On getting healthy, and my path to 50.
I am getting old in body. This June I climbed the chronological peak of 50, and the view is much different than I imagined back when I was 20.
Serial adventurer. That is my self-proclaimed title on my social business card. Been there, done that seems trite, but I realize any half-centurion looks through the same glasses.
How did I get here?
The 1990’s brought on a mainstream wave of music affectionately called grunge. At the time, Nirvana, Soundgarden, Alice in Chains, and Stone Temple Pilots were record-label-approved mainstream cash cows promoting anarchy, rebellion, vibrant tattoos and the newly popular phenomenon of moshing.
One of my residences during that period was in the Sugarhouse district of Salt Lake City, Utah. As I ventured out into the local music scene, my mosh pit virginity was broken at a funky club called DV8. I saw a brilliant punk band called DRILL and jumped in my first pit.
The loud music, the sweaty, wife-beater t-shirt wearing skinny chick belting out brain-shattering music was awesome—but it was the ‘fellowship’ that turned me on loud and strong.
Immediately I tried to dissect the etiquette of moshing. Intense body contact is good. Sweating is good. Moving the head and neck around was good. Spinal twists and leg extensions were good. Stage-diving was good. I loved it. Everyone in the pit was generating a certain fervor all the whilst thriving on the music, the location, the smells and the potency of the group dynamic.
A few years later, I attended a concert by Rage Against the Machine. This mosh pit was five times the intensity of any mosh pit I had been in before. It was so densely populated many times I thought I would suffocate. The physical energy stimulated you to dance harder, breathe better, visually focus and be absolutely in the moment.
Wikipedia generally assesses ‘moshing’ as aggressive, a violent sort of dancing. Yes, I left the Rage concert with a big puffy black eye…but did that diminish my overall experience?
Two plus years ago, on a fluke, I started attending a beginner yoga class at the local gym with a ‘bro’. We are thinking, “check out all the hot chicks… let’s do this!”
At that time, after eight years of long, dark and cold winters in Alaska, I had ballooned to 280 pounds. As I attended my first yoga class I was probably 265 pounds, and, to say the least, not very flexible.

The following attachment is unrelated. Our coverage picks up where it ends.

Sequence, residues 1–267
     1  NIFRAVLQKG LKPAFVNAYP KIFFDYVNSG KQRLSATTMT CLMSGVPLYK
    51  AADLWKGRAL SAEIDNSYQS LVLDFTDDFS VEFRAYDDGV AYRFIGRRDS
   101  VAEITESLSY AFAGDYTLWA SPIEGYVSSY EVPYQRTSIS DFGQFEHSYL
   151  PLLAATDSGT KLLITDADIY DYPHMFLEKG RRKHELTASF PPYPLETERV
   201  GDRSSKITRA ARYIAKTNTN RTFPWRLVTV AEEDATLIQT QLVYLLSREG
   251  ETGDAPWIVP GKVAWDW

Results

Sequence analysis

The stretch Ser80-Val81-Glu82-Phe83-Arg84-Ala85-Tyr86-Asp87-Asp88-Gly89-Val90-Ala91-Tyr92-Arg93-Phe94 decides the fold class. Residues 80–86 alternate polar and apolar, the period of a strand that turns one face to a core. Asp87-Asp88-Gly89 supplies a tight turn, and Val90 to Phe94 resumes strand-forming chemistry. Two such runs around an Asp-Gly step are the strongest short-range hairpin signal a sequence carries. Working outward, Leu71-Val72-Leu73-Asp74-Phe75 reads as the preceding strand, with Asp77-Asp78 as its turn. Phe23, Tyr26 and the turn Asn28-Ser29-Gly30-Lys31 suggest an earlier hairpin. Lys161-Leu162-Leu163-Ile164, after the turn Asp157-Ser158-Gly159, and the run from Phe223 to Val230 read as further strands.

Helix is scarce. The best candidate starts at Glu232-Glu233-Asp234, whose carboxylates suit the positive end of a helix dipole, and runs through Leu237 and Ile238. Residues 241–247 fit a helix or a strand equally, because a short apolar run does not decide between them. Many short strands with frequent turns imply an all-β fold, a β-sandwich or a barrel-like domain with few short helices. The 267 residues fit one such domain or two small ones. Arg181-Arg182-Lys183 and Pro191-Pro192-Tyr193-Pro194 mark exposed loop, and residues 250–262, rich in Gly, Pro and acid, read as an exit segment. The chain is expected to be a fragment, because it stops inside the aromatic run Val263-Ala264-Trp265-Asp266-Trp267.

The beginning instruction was excellent and encouraging. The yogis made me feel exceptional, because they encounter few grain-fed Bramha bulls like myself making the effort required to move this mass of flesh to a downward dog position. I could not believe how my body would be smoked for the entire day after class.
Fast forward a year or so, and I started attending a more advanced beginners class. The yogini teacher was putting out amazing energy, and it seemed like after every class my inner spirit and physical body were more in union.
I kept going back.
With the most intense school-boy crush I have ever had, I finally asked Ms. Yogini if she wanted to do some adventuring or even coffee. Sure, she said. A few weeks later it turned out she invited me to my first Bikram class…and this was also my first professional studio yoga class.
I dug it. No ambient noise. An obvious commitment to capitalize on an imminent journey of physical, mental and spiritual enlightenment for the next 90 minutes.
OMG. As many first-timers to hot yoga might admit, this was the most intense experience I had in many years. How could I be so profusely sweating in the first three minutes? How could I be gasping for air in the next 10 minutes? How could I be doing a dancer’s pose in unison with 40 other yogis?
It took me a few days to process the experience. I told my friend, “Oh, maybe I will do hot yoga like dessert…just once in a while.”
After a few days, circumstances allowed me to hang out with Ms. Yogini and we did a Moksha class. At this point the crush is huge, I’m all in. Needless to say, after my third class, I was hooked.
I now average about 20 classes a month in conjunction with triathlon training.
A half-year down the hot-yoga-road has allowed me to see the obvious parallels to music moshing and the potential intensity of the full yoga experience.
It seems this next generation of yoga festivals is capturing the very essence of this relationship. Let’s sweat together. Let’s groove together. Let’s touch one other. Let’s uplift each other. Let’s get spiritually high together.
One of my recent t-shirt designs I promote is – YOGA LIKE A ROCK STAR. That is my intention with my new found journey in yoga.
I hope to see you in the mosh pit of yoga soon. Peace out.
Robert Baker is a Las Vegas-based Getty Images stock photographer-graphic designer-multimedia wonk, world traveler, triathlete and is earth-active. Most importantly he does not take himself too seriously and seeks the spiritual truth and humility in humor. He is also single and now weighs a smidge over 200lbs for all the single ladies in the house. 🙂